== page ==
Was not his eye single? Was he not, through the whole course of his life, subsequent to his conversion, engrossed, we might almost say perfectly, by the work to which he had been called? Did he not, in agreement with the injunction he laid on Timothy, give himself wholly to these things? What worldly good does he appear at any time to have sought? Did he mingle at all in projects of worldly ambition or schemes of avarice? Was he, for a day or an hour, in search of popularity, of splendor, or of ease? We discern nothing in him of this nature. And his declarations respecting himself, especially considering with what solemnity they were uttered, are certainly entitled to confidence. He says, "For neither at any time used we flattering words, as ye know, neither a cloke of covetousness. God is witness. Nor of men sought we glory, neither of you, or yet of others, when we might have been burdensome, as the apostles of Christ. Did I make a gain of you, by any of them that I sent unto you? I desired Titus, and with him I sent a brother. Did Titus make a gain of you? Walked we not by the same spirit? Walked we not by the same rule?" The love of popularity, of preferment, in the higher, but spurious grades of the sacerdotal office, of indolence, of luxurious indulgence, and superfluous riches, the opposite entirely of the self-denial of the Gospel, has been, and continues to be, to a great extent, the disgrace and ruin of the Christian ministry. Nothing of this is to be seen in our apostolic missionary. Never indeed does he designedly take an offensive attitude. Never docs he aim to draw persecution on himself for the sake of the honors and the rewards of martyrdom. But his charge he executes with a cautious self-denial, and a most exemplary purity.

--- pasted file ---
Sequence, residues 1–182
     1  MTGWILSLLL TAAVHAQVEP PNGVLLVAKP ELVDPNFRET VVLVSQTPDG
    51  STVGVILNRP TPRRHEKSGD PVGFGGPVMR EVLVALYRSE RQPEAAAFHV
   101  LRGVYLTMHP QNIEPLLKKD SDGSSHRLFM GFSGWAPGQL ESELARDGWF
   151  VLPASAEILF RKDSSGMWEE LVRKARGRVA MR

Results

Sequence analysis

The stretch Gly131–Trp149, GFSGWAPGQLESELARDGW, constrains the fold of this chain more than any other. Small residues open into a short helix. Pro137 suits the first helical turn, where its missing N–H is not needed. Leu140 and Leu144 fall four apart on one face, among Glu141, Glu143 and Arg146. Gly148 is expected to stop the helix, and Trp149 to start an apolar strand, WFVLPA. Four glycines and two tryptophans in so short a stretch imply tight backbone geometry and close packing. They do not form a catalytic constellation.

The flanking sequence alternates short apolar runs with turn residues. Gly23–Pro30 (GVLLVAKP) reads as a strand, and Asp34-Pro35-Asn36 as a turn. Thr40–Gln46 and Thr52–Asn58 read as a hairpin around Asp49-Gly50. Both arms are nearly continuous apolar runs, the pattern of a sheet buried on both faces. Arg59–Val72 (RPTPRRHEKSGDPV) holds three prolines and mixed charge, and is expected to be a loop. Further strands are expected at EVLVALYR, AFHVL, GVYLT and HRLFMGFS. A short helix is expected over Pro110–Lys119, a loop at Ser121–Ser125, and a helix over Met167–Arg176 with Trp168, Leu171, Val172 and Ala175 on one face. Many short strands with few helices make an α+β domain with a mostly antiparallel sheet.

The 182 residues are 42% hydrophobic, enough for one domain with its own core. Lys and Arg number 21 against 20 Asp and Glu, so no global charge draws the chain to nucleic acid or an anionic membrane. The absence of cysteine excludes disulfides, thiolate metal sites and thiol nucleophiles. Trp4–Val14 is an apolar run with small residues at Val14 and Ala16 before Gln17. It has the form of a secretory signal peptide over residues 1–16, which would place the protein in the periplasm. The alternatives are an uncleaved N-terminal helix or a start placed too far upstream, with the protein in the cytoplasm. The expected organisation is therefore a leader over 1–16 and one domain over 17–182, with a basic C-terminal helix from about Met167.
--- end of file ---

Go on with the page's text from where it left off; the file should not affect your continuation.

His industry appears to have corresponded with the singleness of his purpose. We will not forget what he says to the Ephesian elders, "Ye yourselves know, that these hands, have ministered to my necessities, and to them that were with me." To the believers in Corinth he says, "Are they ministers of Christ? I speak as a fool. I am more, in labors more abundant—in weariness and painfulness; besides those things, that come upon me daily, the care of all the Churches." To the Thessalonians he says, "For ye remember, brethren, our labor and travel; for, laboring night and day, because we would not be chargeable unto any of you, we preached unto you the Gospel of God." From the account given of him in the Acts, and from his own writings, he appears to have been unceasingly engaged, wearing himself down in the labors of his mission, scarce giving himself an hour of innocent, and, as we should say, necessary, relaxation.
5. Another circumstance deserving notice, in Paul's discharge of the duties of his mission, is the manner in which he preached the Gospel.
I do not refer to his attitude as a preacher, his gestures, his enunciation, the smoothness of his periods, or the energy and pathos with which he may be supposed to have poured out his inspirations. These, it is confessed, are of some necessity, at least to conciliate the estimate of fastidious hearers. But the Holy Spirit has not thought them of sufficient importance to make them a part of an infallible